Taking on food  insecurity in the region

Community support has kept the Family Pathways Pine Community Food Shelf going through good times and bad. Back on  Dec. 22, 2015, Mrs. Allen’s and Ms. Stull’s classes walked all the food that the entire Pine City Elementary first grade collected during the month of December to the Pine Community Food Shelf – 57 bags filled with over 370 pounds of food for those in need.

Part 2 in a series

More than one out of 10 Pine County residents aren’t sure how they’re going to be able to feed themselves and their families this month, according to Family Pathways CEO Lisa Mears.

“Up here, in Pine County, the food insecurity rate is 11%,” Mears said. “In Chisago and Isanti county, in our service area, it’s 7% and 8%.”

Family Pathways runs food shelves in Pine City, Sandstone, Chisago City, Forest Lake, Saint Croix Falls, Cambridge, North Branch and Onamia.

Mears noted that the Family Pathways has been a longtime provider of those and other services in east central Minnesota and western Wisconsin, and that serving the northern area offers challenges to the nonprofit.

“I can tell you that for us to purchase one week of food for an individual in the northern service area – say Onamia where we have a food shelf – it’s three times the cost for us to procure food than it is for us to procure food in the southern region because of our access to retail rescue and other donated food items,” Mears said. “There is a limited number of retailers, grocery retailers, in this region compared to the saturation down in the southern area.”

With that in mind, Mears said, Family Pathways is putting a new emphasis on food access and equity rather than simple hunger relief.

“We have some exciting things happening in the equity and access of food,” she said. “We are growing our mobile food program.”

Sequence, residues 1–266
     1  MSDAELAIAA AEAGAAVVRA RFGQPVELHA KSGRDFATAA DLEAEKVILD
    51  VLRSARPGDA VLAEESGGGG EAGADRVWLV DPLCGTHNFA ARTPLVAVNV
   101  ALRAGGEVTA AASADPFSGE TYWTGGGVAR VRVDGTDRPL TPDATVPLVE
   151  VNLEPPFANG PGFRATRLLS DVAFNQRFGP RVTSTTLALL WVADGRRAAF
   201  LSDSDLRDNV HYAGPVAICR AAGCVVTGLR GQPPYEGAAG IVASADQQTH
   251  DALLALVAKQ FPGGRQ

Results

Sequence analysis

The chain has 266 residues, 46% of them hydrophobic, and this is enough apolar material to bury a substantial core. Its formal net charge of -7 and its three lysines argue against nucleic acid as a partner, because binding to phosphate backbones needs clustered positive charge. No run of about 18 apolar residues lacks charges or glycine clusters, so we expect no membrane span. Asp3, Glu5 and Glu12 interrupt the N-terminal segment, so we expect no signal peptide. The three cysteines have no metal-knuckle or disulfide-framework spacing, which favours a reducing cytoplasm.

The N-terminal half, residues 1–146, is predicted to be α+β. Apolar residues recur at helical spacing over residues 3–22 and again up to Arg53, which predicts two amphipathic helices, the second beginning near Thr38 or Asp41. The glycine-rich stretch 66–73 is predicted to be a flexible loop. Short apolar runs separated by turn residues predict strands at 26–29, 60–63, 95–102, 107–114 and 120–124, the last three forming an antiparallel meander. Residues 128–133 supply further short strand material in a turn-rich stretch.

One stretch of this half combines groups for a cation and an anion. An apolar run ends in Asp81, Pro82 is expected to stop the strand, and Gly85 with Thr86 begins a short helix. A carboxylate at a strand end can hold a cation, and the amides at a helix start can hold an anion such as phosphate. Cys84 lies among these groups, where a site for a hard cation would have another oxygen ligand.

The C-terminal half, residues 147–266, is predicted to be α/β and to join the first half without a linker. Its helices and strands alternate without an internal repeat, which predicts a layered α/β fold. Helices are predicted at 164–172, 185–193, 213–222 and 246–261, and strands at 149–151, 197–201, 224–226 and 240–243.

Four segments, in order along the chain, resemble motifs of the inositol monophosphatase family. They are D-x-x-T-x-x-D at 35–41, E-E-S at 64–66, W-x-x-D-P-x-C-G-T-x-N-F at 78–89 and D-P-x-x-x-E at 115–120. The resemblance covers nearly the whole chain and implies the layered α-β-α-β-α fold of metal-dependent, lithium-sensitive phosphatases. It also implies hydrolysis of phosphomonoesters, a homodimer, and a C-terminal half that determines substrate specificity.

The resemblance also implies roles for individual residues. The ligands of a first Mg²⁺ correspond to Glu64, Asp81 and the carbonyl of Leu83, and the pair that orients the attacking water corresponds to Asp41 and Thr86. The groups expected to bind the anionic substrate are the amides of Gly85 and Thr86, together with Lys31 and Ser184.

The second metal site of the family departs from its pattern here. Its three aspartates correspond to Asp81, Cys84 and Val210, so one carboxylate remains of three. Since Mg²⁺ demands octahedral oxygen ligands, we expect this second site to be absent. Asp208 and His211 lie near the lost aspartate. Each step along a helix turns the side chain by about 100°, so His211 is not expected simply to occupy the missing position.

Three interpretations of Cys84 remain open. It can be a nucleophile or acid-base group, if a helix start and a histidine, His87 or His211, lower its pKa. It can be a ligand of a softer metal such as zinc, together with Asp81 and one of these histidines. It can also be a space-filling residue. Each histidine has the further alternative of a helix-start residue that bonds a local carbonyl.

Family Pathways currently brings food to over 20 sites. Mears said they want to add three to six sites each year. One of those sites is Pine Technical and Community College, where food insecurity for college students is at 25%.

“One of our targeted growth areas for 2020 [is] to impact the food insecurity rate at the college systems,” Mears said.

Mears said they plan to take a small bus, gut it out and fill it with shelves and refrigeration to bring food where it is needed.

“It will be a food shelf on wheels, prioritizing youth, aging adults and the student population,” she said. “We also are increasing the frequency by which we deliver to our existing sites for aging adults. Instead of coming one time a month, we are going to visit those sites an additional time a month to bring perishable food and really healthy foods like fruits and vegetables.”

Mears said they also plan to hire an organizer who will work with area communities and will partner with local public health departments, with food producers and growers and with health providers in the region.

For more information contact Family Pathways Food Shelf – Pine City at 320-629-0128 or by email at mail@familypathways.org. Family Pathways Food Shelf – Pine City is located at 220 7th St SW and is open 9 a.m. - 6 p.m. Monday and Thursday, 9 a.m - 5 p.m. on Wednesday and from 9 a.m - noon on Friday.

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